Contact your local authority (DCF area office in MA) and register your interest. Your home needs to pass a safety and standards check, you have to pass a background check, and participate in a home study (which includes interviews with all members of the household about backgrounds, upbringing, parenting styles, and motivations as well as satisfactory references – personal, work, and health). You also have to take and pass a 30-hour MAPP course.

Do you have control over what child or children are placed with you?

Yes, absolutely. Part of the home study process involves working with your social worker to decide what ages and genders you are prepared to parent, as well as how many children and what level of need (e.g. medical or developmental needs) you are equipped for. For example, on our license, E and I are approved to foster parent up to two children (we’d only take two at a time if they were siblings) under age 4.

I like most (not all, or as strongly maybe) of the points made in this post, What Foster Parents Wish Other People Knew. Recommended reading – definitely check out the end, which reminds us that “You don’t have to be a foster parent to HELP support kids and families in crisis.” 

And for your viewing pleasure, Monica’s little fingers feeding carrots to Sheba (both of their favorite activity).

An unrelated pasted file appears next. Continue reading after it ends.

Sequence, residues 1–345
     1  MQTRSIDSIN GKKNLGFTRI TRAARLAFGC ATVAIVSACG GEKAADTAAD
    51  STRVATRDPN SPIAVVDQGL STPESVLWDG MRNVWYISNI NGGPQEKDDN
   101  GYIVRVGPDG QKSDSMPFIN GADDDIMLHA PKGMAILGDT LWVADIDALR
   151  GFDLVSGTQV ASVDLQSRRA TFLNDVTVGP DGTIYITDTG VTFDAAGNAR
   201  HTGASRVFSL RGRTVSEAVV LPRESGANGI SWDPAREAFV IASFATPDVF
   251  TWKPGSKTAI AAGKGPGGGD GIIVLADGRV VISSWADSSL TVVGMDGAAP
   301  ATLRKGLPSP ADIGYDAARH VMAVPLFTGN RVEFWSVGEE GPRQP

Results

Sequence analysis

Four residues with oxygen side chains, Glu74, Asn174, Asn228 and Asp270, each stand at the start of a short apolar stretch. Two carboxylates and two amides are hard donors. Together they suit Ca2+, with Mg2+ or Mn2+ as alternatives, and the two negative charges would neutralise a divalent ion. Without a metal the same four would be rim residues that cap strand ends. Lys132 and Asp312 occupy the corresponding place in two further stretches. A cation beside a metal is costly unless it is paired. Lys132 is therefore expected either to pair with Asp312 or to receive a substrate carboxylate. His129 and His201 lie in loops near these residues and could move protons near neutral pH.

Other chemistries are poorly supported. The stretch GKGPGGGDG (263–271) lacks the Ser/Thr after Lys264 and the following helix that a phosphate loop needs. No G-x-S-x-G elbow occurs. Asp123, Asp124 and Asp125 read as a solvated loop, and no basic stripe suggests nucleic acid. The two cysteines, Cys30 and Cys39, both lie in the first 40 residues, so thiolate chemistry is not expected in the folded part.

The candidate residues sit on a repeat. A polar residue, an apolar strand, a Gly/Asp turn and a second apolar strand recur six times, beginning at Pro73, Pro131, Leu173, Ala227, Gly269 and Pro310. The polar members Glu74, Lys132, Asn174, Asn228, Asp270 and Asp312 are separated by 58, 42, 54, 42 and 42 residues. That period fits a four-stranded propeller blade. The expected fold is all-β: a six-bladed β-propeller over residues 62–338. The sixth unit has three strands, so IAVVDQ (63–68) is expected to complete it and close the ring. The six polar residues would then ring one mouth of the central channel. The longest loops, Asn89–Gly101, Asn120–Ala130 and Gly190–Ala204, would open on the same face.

Kicking Ass and Taking Names

E was a baller stay-at-home foster mama today. She was everywhere – kickin’ ass and takin’ names. Seriously. On my first day solo-parenting (I just tried to link to a post from that day and there isn’t one … which perfectly illustrates my point) I was just surviving – I spent all of my energy making sure Monica ate and slept and didn’t get hurt. Well E struggled through that for a couple of hours (taking a short break to call me and inform me that she does not want to be a stay-at-home mom), and then she decided to get shit done.

Things E did today:

  • Woke up and walked Sheba with Monica in tow
  • Kept Monica alive and nourished all day long
  • Grocery shopped
  • Went down to the organization that coordinates day care to fill out a mountain of paperwork and get it sorted out so that she can go to a new day care tomorrow (yes!)
  • Went to the WIC office to apply, which apparently took 2 hours (but worked out – we’re set for 3 months to get formula/milk, fruits and veggies, and cereal for Monica, and the grocery store on the corner accepts WIC)
  • Came home and prepared food to host our awesome friends M and M for the home run derby.

Kickin’ ass and takin’ names right?! She is fabulous. What a gal.

photo 3
This picture was from yesterday – Monica helping E and me register at Crate & Barrel. I wasn’t there to take pics today but I imagine it was even cuter than this.


Call for Questions

So I’m feeling the pressure to keep posting with some serious regularity … As in, I am receiving actual verbal pressure along with some good old fashioned guilt and subliminal messaging. So here I am! (subtext: I actually love this)